Oftentimes our clients have a vision and brand for their business, and rightly expect that their physical location will conform to their brand. Negotiating build-out rights and cost allocation is integral to ensure the tenant has the power to build their space the way they see fit. The commercial lease agreement will dictate the burdens of build-out costs between the tenant and the landlord. Consider the following: how much of this build-out will benefit the tenant’s business? Conversely, how much of this build-out will create commercial value for the landlord? There should be plenty of room to negotiate such costs and benefits. The longer the lease term, the more likely the landlord is to pay for build-out costs. This is because the landlord needs to know it can recoup its build-out costs and have some profitability from the tenant.
6. The Building’s Condition
The condition of the building and related obligations of the landlord and tenant raise commonly negotiated issues. Therefore, it is important for prospective tenants to do their due diligence in inspecting whether the building’s condition is acceptable to them, especially relating to the age and condition of the roof and HVAC. We often negotiate replacement requirements for our clients. The tenant is usually responsible for maintaining everything other than the structural aspects of the building (roof, foundation, walls). Thus, if the premises is in poor condition to start, negotiating that a landlord must repair or replace certain items on the front-end could save the tenant from substantial maintenance costs down the road. Notably, a landlord may be agreeable to a replacement upfront, as insurance premiums will likely lessen based upon a newer roof and/or HVAC system.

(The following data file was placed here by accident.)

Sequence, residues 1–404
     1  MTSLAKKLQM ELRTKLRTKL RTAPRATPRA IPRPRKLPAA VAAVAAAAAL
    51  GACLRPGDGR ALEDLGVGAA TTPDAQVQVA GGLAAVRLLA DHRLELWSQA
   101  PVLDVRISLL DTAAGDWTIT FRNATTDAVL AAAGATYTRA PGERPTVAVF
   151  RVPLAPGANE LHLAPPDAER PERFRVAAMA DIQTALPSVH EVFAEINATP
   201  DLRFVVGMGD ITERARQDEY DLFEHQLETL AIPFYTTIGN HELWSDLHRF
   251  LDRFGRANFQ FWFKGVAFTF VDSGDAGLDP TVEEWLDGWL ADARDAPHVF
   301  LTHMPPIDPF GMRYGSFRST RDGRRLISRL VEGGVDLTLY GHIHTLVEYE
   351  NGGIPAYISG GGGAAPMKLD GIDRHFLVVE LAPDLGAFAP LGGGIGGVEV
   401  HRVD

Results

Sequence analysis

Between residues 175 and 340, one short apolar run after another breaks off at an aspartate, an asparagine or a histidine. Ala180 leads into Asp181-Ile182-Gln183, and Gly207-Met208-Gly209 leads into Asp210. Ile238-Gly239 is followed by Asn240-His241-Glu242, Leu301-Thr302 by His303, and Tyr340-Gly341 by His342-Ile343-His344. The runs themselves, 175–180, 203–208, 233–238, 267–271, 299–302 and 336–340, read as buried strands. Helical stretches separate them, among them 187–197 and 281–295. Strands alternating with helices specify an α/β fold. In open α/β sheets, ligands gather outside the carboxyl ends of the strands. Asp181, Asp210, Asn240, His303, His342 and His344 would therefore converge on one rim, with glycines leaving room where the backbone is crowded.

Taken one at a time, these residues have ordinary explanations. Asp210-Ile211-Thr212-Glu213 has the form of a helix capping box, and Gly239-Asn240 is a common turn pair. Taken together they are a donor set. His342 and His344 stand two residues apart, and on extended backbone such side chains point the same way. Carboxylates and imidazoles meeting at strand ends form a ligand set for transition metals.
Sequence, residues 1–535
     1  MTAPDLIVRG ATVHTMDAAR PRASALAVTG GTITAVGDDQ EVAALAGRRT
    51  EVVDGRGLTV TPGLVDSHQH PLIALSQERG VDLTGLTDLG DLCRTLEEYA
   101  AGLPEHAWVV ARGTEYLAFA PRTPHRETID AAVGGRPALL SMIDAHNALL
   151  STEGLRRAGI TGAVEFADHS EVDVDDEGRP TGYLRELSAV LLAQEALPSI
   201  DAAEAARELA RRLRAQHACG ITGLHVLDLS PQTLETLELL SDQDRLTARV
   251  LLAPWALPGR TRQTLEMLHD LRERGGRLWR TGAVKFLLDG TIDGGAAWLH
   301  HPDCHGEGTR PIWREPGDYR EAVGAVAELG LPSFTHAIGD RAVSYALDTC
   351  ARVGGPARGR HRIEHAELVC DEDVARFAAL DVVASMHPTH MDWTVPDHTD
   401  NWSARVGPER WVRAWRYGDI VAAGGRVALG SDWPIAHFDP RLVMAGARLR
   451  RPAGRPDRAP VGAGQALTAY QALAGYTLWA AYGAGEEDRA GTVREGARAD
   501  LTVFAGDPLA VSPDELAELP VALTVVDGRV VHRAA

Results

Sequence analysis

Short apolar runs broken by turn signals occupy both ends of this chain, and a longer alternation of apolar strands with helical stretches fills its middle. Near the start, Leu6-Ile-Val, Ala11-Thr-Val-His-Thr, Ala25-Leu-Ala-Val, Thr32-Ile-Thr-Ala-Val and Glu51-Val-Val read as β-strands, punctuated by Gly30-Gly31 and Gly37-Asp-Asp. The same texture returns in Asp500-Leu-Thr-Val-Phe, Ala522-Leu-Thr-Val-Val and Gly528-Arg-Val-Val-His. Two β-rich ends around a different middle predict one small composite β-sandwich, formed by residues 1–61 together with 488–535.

7. Room for Growth
As a growth-focused entrepreneur, one might consider whether the building being leased provides room for expansion of the business. Tenants should consider including a right of first refusal to adjacent space, or larger spaces in the building, in the commercial lease agreement. This way, the entrepreneur may exercise the right to expand into a larger space that might become available, prior to the landlord agreeing to lease that space to a new business that comes into the market.
8. Personal Guarantees
A landlord will often require a tenant to sign a personal guarantee of the lease. Many of our clients find this fact frustrating and hope that because of their business entity, they will not be exposed to personal liability. This, however, is not always the case; particularly when a tenant’s company does not have a strong financial history and has few assets to put up as collateral. Thus, personal guarantees are often required and difficult to contract around. However, we often have success in mitigating commercial lease guarantees by negotiating for an expiration date that is sooner than the end of a lease’s full term. For example, we may insert a three-year time limit on the personal guarantee, contingent upon the tenant’s absence of default over that time span. The rationale presented to the landlord is that after a few years, the landlord has obtained some commercial value and will have recouped build-out expenses covered by the landlord.
If you are going to enter a commercial lease agreement for your business, Hunter Business Law can help you through the process and represent your best interests. To arrange a consultation, visit our contact page HERE.
This Blog was written by Hunter Business Law Attorney Stephanie Boussias.